Recommended by:
              Dumbo, chingchongchinaman

              make any sense to me on its face.  I mean, I have been in Kansas when it was well over 104 and there were plenty of trees and grass all over the place.  And cacti manage very well in hot places (even not-so-hot ones: there's a variety of prickly pear that thrives here in PA.  I know b/c one house we lived in when I was a kid had it in the garden & it took my father something like three years to completely get rid of it).

              Anyway, I didn't dip into that diary but I saw the title & first line and was like WTF?  Really?  I don't think so!

              To make the argument that the media has a left- or right-wing, or a liberal or a conservative bias, is like asking if the problem with Al-Qaeda is do they use too much oil in their hummus. Al Franken

              by Youffraita on Sat Jul 07, 2012 at 10:06:53 PM PDT

              [ Parent ]

              •  well, cacti might be a special case, (2+ / 0-)
                Recommended by:
                Youffraita, chingchongchinaman

                which he acknowledges.  But even ordinary plants can breeze through a hot day because it's usually a transient thing, and if they are well watered, they just evaporate faster.  I grow heirloom tomatoes (and I'm giving them away left and right right now) and I've had tomato plants just shrug it off.  One day of 100+ temperatures -- no biggie.  Two days -- starting to look bad  Overhead watering is called for.  Three or four days -- that's where you start to lose plants, and it's not from lack of photosynthesis.  They dry out, get crispy, and fall apart.

                The temporary solution [I suppose] would be to plant earlier, harvest earlier, and use nitrogen-enriching ground cover crops like crimson clover (over and over...) during the summer.  That may be what's going to happen here as worldwide temperatures increase.  The risk, [I would think, because I'm no authority] is that the topsoil is going to blow away, Grapes of Wrath style, from the ground water table becoming depleted.  Even if you can pump enough water from out of state to supply the farms, there still would be enormous ecological havoc done to the non-farmcrop ground cover, and that's most of the plant life in any state.  That's what protects the soil.  Without that, you're going to get a dustbowl.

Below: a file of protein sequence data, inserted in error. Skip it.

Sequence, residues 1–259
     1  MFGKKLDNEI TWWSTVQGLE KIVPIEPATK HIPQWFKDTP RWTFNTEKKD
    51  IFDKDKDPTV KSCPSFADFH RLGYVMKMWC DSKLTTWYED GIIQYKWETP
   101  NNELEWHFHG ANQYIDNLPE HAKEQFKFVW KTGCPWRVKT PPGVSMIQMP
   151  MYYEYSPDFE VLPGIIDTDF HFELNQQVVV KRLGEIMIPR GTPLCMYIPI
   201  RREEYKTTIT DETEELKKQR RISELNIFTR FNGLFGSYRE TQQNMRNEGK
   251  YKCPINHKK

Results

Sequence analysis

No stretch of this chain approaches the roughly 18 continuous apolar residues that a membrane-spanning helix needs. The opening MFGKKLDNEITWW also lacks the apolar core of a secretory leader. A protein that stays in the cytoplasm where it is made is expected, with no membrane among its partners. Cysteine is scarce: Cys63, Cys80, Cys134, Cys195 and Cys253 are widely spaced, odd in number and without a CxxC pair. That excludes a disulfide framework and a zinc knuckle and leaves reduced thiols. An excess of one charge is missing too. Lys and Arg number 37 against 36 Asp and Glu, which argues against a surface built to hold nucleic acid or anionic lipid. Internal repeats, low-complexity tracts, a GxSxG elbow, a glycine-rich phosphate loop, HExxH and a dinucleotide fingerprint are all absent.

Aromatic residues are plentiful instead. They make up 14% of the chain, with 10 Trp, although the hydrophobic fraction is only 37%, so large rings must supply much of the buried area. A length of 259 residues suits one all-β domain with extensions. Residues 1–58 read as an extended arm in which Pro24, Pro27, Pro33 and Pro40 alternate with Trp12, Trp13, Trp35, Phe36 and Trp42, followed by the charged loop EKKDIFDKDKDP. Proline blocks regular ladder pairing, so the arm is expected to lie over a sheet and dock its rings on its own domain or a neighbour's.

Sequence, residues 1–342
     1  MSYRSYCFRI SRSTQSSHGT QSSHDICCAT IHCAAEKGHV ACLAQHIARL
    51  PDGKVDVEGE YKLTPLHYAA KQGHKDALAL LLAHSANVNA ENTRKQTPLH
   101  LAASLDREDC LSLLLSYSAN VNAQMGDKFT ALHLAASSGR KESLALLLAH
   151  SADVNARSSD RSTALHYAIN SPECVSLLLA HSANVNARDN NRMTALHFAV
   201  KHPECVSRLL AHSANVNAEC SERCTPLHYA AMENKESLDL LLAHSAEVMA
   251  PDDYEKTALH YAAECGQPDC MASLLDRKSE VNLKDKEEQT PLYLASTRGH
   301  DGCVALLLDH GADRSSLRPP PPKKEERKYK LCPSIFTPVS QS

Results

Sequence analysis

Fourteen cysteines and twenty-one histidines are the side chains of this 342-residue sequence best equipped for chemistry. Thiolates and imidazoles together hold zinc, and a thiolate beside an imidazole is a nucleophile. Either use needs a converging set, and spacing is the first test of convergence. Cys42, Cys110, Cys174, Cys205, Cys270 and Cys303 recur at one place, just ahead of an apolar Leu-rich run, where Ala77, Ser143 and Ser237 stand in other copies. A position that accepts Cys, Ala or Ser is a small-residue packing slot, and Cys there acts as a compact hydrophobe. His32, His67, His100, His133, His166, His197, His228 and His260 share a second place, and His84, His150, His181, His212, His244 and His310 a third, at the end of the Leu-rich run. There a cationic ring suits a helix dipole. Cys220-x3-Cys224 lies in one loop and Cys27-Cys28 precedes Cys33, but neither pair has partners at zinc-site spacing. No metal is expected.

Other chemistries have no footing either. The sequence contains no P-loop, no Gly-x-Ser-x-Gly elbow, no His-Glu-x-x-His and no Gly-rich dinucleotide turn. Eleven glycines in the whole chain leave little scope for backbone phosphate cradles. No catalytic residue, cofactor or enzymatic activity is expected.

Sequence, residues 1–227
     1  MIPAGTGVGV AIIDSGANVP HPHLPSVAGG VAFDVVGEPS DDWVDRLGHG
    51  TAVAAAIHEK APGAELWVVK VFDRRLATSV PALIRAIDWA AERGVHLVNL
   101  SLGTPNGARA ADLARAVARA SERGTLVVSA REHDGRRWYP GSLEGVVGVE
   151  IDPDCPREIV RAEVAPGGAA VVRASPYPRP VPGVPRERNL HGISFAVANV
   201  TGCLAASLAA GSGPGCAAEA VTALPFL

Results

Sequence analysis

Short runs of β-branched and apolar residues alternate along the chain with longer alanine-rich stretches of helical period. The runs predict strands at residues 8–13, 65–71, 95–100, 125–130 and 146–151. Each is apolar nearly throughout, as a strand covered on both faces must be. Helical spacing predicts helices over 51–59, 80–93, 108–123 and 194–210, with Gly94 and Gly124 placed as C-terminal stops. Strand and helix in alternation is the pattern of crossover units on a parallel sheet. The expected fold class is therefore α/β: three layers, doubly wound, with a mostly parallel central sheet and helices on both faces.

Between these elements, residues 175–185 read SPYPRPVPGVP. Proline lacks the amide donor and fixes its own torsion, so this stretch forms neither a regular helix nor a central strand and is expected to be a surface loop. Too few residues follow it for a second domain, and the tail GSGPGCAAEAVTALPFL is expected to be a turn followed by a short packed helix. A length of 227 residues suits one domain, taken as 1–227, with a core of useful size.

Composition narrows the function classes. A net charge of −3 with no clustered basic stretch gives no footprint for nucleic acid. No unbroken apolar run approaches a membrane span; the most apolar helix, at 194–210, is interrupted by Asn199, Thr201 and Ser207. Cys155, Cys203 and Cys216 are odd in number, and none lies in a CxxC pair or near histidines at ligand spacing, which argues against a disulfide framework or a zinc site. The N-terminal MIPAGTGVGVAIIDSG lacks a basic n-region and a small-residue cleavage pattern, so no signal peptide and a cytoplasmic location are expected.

•  Okay, two ways around that (3+ / 0-)
                  Recommended by:
                  Dumbo, chingchongchinaman, ybruti

                  neither of which is workable for agribusiness farms:

                  You're going to build up the soil; and you're going to plant more than one crop together.  The Indians supposedly grew corn and squash and beans all together -- and some tribes were in arid regions like the desert southwest and successful farmers nevertheless.

                  Building up the soil: I read in the NYT about black soil in I think Brazil that is still incredibly fertile 1000 or so years after it was enriched.  Also from the NYT, a story about "The Grass is Greener in Harvard Yard."  They embarked on an experiment with organics on a one-acre plot and it was so successful -- the grass had better roots, stood up well to student use and required much less watering -- that the president of the univ. expanded the program and was planning to eventually go organic in all the public greenways.

                  But you're right, agribusiness-type farming will create dustbowls.

                  To make the argument that the media has a left- or right-wing, or a liberal or a conservative bias, is like asking if the problem with Al-Qaeda is do they use too much oil in their hummus. Al Franken

                  by Youffraita on Sat Jul 07, 2012 at 10:34:01 PM PDT

                  [ Parent ]

                  •  Yeah, there are lots of warm weather crops. (2+ / 0-)
                    Recommended by:
                    chingchongchinaman, Youffraita

                    Rice, for instance.  Drought-resistant crops are rarer, but they exist, too.

                    I'd hate to dig up the amazon to get cheap humus.  

                    Here in California, you can get big bags of free/cheap mulch from the water department.  They make it from waste water.  People who have tested it say it's okay, although I'm a bit queasy about the idea.  

                    •  Oh, no. Not cheap humus. (2+ / 0-)
                      Recommended by:
                      Dumbo, chingchongchinaman

                      The black soil region of NYS has that -- Goshen, where the best yellow onions come from.

                      The soil in Brazil -- I'm pretty sure it was a region of Brazil but definitely South America -- was deliberately enriched.  They've found all kinds of stuff in it.  It's been a while since I read the story (I think it was in the Tues. Science section but am not entirely sure) but there was charcoal and clay and stuff, IIRC, which I might not.  But it's a large region and from what I gather NOBODY thinks it was an accident.